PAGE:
Carol wears makeup and “a long, flowing Indian-print dress that shimmered in the breeze” for the wedding. She and Jack walk down the aisle together, holding hands all the while, and Carol cries as she clutches her bouquet to her chest. At the reception, Carol gets up in front of the band and sings a song called “What are You Doing for the Rest of Your Life” to her new husband. Their wedding cake is carrot cake. After the reception is over, the family heads inside and finds the wedding presents piled under a Christmas tree. Carol and Jack begin to open gifts. Carol coos over the demitasse, and laughs at the strange clown statue that someone has given them. They also receive lots of bowls and other kitchen things. As they are opening presents, they receive a phone call and learn that all of Carol’s furniture was stolen. Carol just starts laughing, telling Jack that she didn’t really like any of her old stuff, but that she fought with him about it because of the principle – she didn’t want him making decisions for her. Carol gives Dawn a little last-minute tutoring before her final exams. For Christmas, she and Jack take Dawn and Jeff out to a Japanese restaurant with tatami rooms, and they come back to open presents. Carol has the largest gift under the tree, so she opens it first. It’s a gigantic lava lamp, which she laughingly declares “horrible!” She gives Dawn a pair of dangly earrings made of birds of paradise feathers and lapis.

Carol and Jack honeymoon after Christmas in Porta Vallarta, Mexico.

SS#14 – Carol can’t accompany Jack, Dawn, and Jeff on the cross-country RV trip because of her job. She and Mrs. Bruen throw a surprise welcome home party for everyone when they arrive back in Palo City. She manages to keep the party plans a secret the entire time they are away; she jokes that it was because Mrs. Bruen was standing beside her with a broomstick every time she talked to Jack on the phone. When Jeff dips is fingers into the hummus, Carol yelps at him to stop and chases him when he runs off.

Total appearances in series: 2

M#12 – Carol is described as “young and pretty and drives a little red sportscar, and she likes MTV. She’s cool, in other words. Which is fine for a regular person, but not really so fine for a woman my father might be serious about.” But, Dawn finds Carol easy to get along with lately. Carol arrives to accompany Jack and Jeff to the beach to watch Dawn’s performance in the surfing contest. She hands Dawn a bagel from the breakfast table, telling her that she can’t compete well on an empty stomach. They all head to the beach for the surfing contest and are joined by Sunny. After the contest, they all cluster around the judges’ table with Dawn to hear the results.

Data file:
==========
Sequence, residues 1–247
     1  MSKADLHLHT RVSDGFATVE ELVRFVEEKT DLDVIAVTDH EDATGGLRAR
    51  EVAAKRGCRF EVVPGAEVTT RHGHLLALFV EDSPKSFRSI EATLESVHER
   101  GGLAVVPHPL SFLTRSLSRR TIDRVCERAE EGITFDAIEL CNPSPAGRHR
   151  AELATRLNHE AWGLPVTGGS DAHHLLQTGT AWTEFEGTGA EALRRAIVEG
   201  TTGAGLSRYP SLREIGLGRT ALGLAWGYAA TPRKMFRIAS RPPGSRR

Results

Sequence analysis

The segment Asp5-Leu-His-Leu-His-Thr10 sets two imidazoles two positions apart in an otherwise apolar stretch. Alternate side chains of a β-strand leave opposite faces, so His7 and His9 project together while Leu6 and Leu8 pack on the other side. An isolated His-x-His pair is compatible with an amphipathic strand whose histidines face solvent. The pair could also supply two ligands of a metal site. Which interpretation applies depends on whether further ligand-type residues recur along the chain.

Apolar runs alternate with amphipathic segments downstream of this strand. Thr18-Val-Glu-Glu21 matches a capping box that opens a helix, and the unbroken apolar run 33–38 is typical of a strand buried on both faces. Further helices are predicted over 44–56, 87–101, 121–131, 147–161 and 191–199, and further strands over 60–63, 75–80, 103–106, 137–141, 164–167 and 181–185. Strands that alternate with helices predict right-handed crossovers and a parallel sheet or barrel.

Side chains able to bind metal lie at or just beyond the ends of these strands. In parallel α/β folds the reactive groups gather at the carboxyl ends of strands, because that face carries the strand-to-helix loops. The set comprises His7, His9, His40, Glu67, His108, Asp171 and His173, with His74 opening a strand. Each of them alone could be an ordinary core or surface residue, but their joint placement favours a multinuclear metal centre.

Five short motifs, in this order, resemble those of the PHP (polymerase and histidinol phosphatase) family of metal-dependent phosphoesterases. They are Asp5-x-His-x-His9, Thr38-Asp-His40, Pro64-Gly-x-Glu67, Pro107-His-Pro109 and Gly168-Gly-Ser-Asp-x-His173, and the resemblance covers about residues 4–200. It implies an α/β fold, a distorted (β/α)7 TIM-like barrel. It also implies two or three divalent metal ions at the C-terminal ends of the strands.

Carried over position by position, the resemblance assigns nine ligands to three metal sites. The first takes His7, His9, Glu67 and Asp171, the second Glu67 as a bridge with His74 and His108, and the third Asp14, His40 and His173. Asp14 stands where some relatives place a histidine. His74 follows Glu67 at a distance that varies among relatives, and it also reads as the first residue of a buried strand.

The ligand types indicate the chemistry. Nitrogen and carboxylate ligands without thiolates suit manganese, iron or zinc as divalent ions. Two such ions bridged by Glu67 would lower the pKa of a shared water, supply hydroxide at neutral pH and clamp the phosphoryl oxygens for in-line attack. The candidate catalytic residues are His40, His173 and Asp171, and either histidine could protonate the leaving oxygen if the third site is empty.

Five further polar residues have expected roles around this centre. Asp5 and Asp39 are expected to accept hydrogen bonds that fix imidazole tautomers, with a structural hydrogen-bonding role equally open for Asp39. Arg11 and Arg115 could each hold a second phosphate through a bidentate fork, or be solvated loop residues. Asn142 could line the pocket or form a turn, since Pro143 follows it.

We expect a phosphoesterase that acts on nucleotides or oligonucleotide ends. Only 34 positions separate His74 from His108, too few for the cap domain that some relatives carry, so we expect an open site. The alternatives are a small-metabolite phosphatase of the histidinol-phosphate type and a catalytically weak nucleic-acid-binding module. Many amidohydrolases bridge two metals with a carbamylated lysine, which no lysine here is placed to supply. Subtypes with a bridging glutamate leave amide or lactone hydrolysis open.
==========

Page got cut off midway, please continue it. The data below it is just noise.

M#17 – Dawn admits that she was jealous of Carol when she first started dating Dawn’s father: “Carol really isn’t a motherly type. In fact, even though she’s a grown-up, I think she may be cooler than me. She has cool clothes and a cool haircut and she drives a cool red sports car, and she knows all about the coolest new groups, since she loves to watch MTV.
At first I wasn’t thrilled by my dad’s hip girlfriend. I think I felt a little jealous of Carol. Okay, I felt a lot jealous.” Carol is “a regular at Casa Schafer,” stopping by for dinner at least four nights out of the week. She helps with the cooking. She helps Dawn experiment with funky hairstyles. She’s already claimed a spot on the green sofa in the TV room, next to Dawn’s father.

Carol really enjoys singing along with the car radio, and really gets into it, banging the steering wheel in rhythm with the music as she drives down the highway. A typical Carol outfit includes neon-orange framed sunglasses, ripped shorts, and MTV-logo t-shirts. Carol and Dawn runs errands before dinner – Dawn goes to the drug store and party supply store while Carol stops by the Kopy Kwik shop and Sam’s Deli, to pick up the pickles that Dawn’s dad likes. Dawn witnesses a robbery when she approaches Carol’s car, and when Carol returns, she hugs the shaken Dawn close. She takes Dawn to the police station to give her witness statement, waiting out in the lobby and calling Dawn’s father to let him know what’s going on. When they get to Dawn’s house, Carol helps Dawn’s father convince Jeff that the robbery wasn’t “totally awesome,” like something out of a TV cop show.

Carol suggests the We ♥ Kids Club use perciatelli for the cold, slimy worms in their haunted house, and helps put together the scary sounds tape they use. She imitates shrieks with a friend’s violin, and edits the tape to slow down the sound effects, making them even spookier. Carol also picks up the Halloween candy for the Schafer house, something gooey and chocolate, which meets with Jeff’s approval. Carol helps Dawn put together her last-minute Halloween costume – Pippi Longstocking.

Total appearances in series: 1

Dawn's Book – Carol greets Dawn when she comes down for breakfast. She’s eating granola and yogurt. She asks Dawn if she’s seen her Rollerblades. Dawn tells Carol that if she can’t find them, she’s welcome to borrow hers.

Total appearances in series: 6

DAWN DIARY I – Carol is anxious to drive her husband to the airport by herself when he announces that he’s going on a ten-day business trip, but he lets the kids come along, as he sees no reason not to. Carol tries to cheer Dawn and Jeff up after the announcement, promising to take them out to dinner one night, and to the beach on Saturday, even going along with Jeff’s suggestion to see the Arnold Schwarzenegger movie.

When Dawn asks Carol what “sterile” means, she starts to giggle, which just serves makes Dawn mad, and to feel as if she can’t confide in her. They have snippy fights with each other throughout the book about homework